Pragmatics, the linguistic field that grew out of philosophy, sociology, and anthropology, deals with how people use and understand language to communicate. This is often a complex process that involves understanding the cultural context of a communication and using appropriate language to convey what is being said.
A good way to understand pragmatics is to think about it as the science of how people interpret and understand their own words, as well as other people’s words. The word pragmatics comes from the Greek pragmatikos, which means “relation of signs to their interpreters” (Morris, 1938).
It is a scientific study that examines how people use and understand language to communicate with others. It focuses on the social contexts of language, and how people interpret what is being said through a range of strategies, such as using tone of voice, body language, and other nonverbal cues.
This study can also help teachers understand how people use and understand their own languages and teach others to do the same. In a classroom setting, teachers can give students lessons on how to express themselves appropriately given the situation and culture.
They may also give learners a variety of ways to apologize or ask for what they need, such as in their home language and the target language. This helps them develop the skills to communicate with others in a way that is helpful and respectful.
Another problem is that linguists and other scholars have a hard time making sense of the enormous amount of experimental research on pragmatic language use, which typically offers conflicting findings on how people produce and understand different aspects of communicative meaning (e.g., scalar implicatures, presuppositions, politeness, negation, irony, and metaphor). Many studies show that people understand the meaning of pragmatic messages relatively quickly (e.g., scalar imperatives, presuppositions, and ironic messages) but that they often take a long time to comprehend novel metaphors and other forms of indirect or inferential pragmatic meaning.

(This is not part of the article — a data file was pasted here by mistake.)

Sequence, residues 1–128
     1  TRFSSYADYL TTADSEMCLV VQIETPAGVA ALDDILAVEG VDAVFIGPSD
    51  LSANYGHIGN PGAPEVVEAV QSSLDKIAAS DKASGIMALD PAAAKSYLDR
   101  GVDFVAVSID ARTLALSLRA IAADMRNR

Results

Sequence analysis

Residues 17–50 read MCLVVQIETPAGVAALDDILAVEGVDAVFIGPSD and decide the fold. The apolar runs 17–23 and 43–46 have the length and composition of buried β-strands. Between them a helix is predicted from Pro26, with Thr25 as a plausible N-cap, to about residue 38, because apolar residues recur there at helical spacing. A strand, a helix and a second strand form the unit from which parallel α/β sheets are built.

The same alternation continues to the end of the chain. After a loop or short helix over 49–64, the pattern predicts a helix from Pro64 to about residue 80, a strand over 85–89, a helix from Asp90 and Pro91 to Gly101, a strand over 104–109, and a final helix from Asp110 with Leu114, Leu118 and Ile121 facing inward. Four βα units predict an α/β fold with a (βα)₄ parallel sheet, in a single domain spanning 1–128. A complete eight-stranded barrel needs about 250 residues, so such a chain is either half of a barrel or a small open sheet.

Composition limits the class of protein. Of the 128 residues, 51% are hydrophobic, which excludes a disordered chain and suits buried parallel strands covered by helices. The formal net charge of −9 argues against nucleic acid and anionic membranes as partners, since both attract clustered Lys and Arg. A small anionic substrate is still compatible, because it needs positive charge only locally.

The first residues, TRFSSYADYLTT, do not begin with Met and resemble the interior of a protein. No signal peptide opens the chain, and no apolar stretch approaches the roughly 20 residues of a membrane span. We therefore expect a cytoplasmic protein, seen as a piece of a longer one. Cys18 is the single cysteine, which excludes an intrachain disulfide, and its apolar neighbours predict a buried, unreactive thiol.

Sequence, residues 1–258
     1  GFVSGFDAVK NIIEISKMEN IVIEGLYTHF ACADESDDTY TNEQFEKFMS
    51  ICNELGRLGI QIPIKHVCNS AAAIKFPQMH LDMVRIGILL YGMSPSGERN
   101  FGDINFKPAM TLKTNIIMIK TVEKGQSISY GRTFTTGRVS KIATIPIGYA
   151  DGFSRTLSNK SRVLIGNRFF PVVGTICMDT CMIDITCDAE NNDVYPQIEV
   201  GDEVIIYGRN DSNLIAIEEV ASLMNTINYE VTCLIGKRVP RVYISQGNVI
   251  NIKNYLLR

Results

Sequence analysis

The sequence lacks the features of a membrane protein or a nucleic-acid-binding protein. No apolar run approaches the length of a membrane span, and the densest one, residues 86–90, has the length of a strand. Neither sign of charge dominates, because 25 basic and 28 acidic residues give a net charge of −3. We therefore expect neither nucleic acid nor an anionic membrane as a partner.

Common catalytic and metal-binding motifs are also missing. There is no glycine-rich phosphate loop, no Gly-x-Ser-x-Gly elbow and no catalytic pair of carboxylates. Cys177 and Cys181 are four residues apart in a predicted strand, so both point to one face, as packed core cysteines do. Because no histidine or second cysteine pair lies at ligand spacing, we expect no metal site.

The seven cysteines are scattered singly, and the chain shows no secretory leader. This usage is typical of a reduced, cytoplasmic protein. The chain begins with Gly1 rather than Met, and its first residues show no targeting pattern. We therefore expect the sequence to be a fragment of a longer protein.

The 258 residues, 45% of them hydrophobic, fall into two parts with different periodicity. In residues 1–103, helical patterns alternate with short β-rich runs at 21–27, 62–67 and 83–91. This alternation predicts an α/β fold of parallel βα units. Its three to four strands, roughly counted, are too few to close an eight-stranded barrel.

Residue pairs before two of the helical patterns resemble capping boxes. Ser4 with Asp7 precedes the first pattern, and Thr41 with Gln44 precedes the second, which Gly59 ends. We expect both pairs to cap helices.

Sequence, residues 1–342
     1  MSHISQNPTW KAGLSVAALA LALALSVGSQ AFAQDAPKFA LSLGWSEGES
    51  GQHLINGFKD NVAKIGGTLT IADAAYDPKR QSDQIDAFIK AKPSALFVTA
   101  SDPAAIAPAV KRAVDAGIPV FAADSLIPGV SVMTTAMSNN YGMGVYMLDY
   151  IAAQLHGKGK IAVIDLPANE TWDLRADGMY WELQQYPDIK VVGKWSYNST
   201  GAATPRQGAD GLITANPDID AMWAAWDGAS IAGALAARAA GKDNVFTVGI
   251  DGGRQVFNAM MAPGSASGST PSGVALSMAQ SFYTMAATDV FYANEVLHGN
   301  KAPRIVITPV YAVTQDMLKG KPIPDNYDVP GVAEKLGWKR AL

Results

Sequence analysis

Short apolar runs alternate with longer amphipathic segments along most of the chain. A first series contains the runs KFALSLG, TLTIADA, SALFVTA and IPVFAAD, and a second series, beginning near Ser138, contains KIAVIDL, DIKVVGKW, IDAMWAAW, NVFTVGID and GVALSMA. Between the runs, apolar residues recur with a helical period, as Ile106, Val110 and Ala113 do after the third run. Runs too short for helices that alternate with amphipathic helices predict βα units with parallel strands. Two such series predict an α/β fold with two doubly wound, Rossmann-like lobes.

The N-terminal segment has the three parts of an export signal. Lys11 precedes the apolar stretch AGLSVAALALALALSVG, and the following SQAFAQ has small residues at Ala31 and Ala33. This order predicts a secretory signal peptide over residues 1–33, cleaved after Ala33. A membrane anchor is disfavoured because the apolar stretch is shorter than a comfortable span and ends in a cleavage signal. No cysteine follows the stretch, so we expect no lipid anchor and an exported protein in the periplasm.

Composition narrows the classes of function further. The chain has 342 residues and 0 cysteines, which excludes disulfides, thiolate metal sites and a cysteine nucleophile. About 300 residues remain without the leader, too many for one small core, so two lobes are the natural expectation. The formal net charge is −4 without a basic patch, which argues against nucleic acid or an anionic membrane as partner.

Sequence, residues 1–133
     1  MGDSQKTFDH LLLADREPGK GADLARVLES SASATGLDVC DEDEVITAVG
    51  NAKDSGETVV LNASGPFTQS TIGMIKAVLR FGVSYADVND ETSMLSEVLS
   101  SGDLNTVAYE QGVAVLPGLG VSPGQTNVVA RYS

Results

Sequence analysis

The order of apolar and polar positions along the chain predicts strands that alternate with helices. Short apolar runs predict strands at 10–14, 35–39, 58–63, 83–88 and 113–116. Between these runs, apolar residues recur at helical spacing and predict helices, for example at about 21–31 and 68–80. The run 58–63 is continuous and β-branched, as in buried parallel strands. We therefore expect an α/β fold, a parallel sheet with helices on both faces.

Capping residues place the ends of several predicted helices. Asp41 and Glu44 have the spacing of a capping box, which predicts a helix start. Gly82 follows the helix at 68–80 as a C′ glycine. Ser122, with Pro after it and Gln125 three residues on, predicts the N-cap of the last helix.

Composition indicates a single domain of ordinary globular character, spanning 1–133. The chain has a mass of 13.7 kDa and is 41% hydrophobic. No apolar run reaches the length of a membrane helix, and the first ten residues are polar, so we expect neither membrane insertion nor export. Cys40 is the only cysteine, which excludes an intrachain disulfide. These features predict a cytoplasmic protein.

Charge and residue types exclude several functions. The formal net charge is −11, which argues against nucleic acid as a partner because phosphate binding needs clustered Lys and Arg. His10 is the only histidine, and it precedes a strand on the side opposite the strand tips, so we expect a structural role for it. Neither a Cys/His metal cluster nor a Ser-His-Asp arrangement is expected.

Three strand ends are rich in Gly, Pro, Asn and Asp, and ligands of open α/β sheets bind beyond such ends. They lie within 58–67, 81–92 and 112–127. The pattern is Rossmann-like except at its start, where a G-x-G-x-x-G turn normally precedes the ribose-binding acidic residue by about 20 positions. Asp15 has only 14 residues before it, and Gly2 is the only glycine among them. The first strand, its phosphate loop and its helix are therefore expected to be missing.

These conflicting results, and other difficulties in understanding how people pragmatically produce and interpret various kinds of meaning, have contributed to a growing debate in the broader fields of psycholinguistics and cognitive science about what is a “real-world” approach to language use. This has been dubbed the “replication crisis,” and it is increasingly difficult to make a case for any particular theory of how people pragmatically use their languages.
As a result, it is important to acknowledge the enduring importance of task demands in experimental pragmatics and consider them as a critical factor in our theoretical frameworks about how people use their languages. In addition, it is necessary to recognize that the constraints on a task that people engage in when they participate in experiments have interactive influences on their adaptive behaviors in those experiments (Clark and Noveck, 2006; Clark, 2010).
This broader vision is an important complement to the more traditional focus of experimental pragmatic studies on “task-dependent performances” that reflect different aspects of the cognitive effort required by individuals to convey or interpret pragmatic meaning in real-world language situations. However, the focus on “processes” that people perform in these tasks can lead to a misguided belief that, when people encounter a specific message in language, they are automatically overwhelmed by a “click of comprehension.” In reality, a “click” of comprehension is only one among several modalities of a person’s pragmatically produced and understood language messages (Clark and Noveck, 2006; Noveck and Sperber, 2004).